How Much Will Your “Free” Medicare Advantage Plan Really Cost?

When it comes time to shop for Medicare coverage, Medicare Advantage plans have become a very popular option. More than half (51%) of eligible Medicare beneficiaries are enrolled in Medicare Advantage in 2023. That’s an increase of 19% to 46% from 2007 to 2021.

What makes these plans so popular? One reason might be costs, specifically the low monthly premiums. Zero-premium plans are available to 99% of beneficiaries. And for many, no premium equates to free. I lost count of the number of times someone has talked about their “free” Medicare Advantage plan.

Recent real-life example

Consider this recent situation. In August, a large health system reported that it may stop accepting Medicare Advantage plans. A local news station interviewed a Medicare Advantage plan member, who said that this will “be a financial burden for a lot of people because (her plan) is free.”

The article noted the insurance company but did not identify her specific plan. In her community, this insurer sponsors four plans with health and drug coverage so I decided to check them out. Three have monthly premiums, ranging from $40-$200 so they could not be considered free.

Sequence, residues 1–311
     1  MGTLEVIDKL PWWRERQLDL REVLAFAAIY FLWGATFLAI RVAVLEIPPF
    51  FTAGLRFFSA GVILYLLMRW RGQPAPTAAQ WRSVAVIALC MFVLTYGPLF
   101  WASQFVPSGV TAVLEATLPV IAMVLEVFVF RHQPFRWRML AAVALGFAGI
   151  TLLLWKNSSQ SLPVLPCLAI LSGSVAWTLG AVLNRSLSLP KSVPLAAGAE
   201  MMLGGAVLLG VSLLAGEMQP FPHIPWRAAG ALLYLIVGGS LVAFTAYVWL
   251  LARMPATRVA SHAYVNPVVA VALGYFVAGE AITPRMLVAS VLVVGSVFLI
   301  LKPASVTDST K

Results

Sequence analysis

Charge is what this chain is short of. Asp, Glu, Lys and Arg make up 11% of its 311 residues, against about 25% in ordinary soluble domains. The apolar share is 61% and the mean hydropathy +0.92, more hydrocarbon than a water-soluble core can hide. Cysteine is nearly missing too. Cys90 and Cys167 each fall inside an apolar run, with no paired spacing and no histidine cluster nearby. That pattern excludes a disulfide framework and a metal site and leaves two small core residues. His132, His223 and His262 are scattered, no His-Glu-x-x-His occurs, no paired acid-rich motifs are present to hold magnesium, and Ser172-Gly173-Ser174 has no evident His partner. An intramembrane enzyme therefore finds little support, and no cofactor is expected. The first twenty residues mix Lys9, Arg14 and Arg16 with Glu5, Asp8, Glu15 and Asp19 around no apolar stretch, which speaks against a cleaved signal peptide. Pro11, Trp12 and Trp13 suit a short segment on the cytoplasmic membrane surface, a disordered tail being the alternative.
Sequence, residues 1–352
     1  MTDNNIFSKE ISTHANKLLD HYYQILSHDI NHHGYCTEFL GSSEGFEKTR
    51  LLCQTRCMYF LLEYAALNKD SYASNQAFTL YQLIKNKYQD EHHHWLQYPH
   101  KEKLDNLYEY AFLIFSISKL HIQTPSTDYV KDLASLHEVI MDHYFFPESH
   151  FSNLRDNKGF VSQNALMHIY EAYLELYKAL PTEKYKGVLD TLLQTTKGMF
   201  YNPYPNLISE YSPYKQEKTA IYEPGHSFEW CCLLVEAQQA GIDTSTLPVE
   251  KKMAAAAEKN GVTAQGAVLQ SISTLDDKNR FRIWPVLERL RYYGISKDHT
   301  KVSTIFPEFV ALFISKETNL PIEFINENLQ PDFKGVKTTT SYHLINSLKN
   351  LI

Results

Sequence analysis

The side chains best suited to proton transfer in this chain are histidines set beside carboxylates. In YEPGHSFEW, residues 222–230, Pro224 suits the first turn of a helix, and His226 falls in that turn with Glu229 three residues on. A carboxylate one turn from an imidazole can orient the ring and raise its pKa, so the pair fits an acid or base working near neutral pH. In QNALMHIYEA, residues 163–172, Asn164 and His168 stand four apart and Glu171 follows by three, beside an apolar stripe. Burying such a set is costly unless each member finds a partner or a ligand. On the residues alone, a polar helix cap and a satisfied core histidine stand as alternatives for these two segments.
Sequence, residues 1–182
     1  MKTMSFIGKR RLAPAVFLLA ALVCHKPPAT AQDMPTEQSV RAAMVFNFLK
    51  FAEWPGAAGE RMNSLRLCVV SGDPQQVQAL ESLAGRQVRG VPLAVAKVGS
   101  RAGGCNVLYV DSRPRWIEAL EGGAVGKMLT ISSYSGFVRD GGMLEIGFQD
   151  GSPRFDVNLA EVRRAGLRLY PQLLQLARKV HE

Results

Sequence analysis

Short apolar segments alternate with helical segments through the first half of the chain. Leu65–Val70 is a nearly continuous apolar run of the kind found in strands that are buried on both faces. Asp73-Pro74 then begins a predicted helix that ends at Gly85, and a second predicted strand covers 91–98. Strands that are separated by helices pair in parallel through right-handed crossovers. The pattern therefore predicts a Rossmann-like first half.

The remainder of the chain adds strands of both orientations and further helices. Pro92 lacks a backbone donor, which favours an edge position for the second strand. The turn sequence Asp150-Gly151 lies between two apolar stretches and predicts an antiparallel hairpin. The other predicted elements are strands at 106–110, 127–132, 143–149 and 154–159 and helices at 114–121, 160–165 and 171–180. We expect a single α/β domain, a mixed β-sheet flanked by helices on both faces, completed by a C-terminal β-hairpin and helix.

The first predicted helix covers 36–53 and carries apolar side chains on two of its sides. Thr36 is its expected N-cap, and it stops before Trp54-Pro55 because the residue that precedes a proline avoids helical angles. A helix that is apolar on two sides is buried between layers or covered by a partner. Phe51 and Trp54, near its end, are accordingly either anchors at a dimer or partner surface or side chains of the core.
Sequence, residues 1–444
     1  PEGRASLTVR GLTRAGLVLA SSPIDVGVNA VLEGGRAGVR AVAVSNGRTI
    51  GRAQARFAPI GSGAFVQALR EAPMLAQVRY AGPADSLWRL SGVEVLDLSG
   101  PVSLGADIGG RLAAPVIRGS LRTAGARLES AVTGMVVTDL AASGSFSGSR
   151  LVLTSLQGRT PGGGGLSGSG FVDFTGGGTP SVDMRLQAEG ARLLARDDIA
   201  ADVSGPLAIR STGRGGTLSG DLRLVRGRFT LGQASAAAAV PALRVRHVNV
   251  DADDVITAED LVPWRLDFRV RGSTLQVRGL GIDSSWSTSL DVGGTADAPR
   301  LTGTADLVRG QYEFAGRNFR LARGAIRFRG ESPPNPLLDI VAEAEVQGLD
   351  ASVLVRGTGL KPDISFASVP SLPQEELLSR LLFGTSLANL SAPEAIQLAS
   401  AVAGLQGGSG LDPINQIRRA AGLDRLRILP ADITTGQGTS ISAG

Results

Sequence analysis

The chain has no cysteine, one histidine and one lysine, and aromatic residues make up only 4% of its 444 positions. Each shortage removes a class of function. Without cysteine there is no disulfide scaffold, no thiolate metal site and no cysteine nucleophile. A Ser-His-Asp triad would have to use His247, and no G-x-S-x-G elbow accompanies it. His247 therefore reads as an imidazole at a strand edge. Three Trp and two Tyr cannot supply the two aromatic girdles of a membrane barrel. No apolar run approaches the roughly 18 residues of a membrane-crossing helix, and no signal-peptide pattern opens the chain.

The fourth has no monthly premium, no health plan deductible, and no copayment for the primary physician, a good start toward free. However, there are out-of-pocket costs for many services. For example, up to $40 for a specialist visit, $40 for a physical therapy visit, $405 for the first four days of inpatient hospitalization, and 20% for chemotherapy. Those who chose this specific coverage will write checks up to the plan’s maximum out-of-pocket limit, which is $6,200 in-network this year.

A chance to review your coverage

Open Enrollment begins next month, October 15. This is the opportunity to shop for and change Medicare Advantage plans. If you’re in the market for a new plan, here are some tips to help you find the most cost-effective one.

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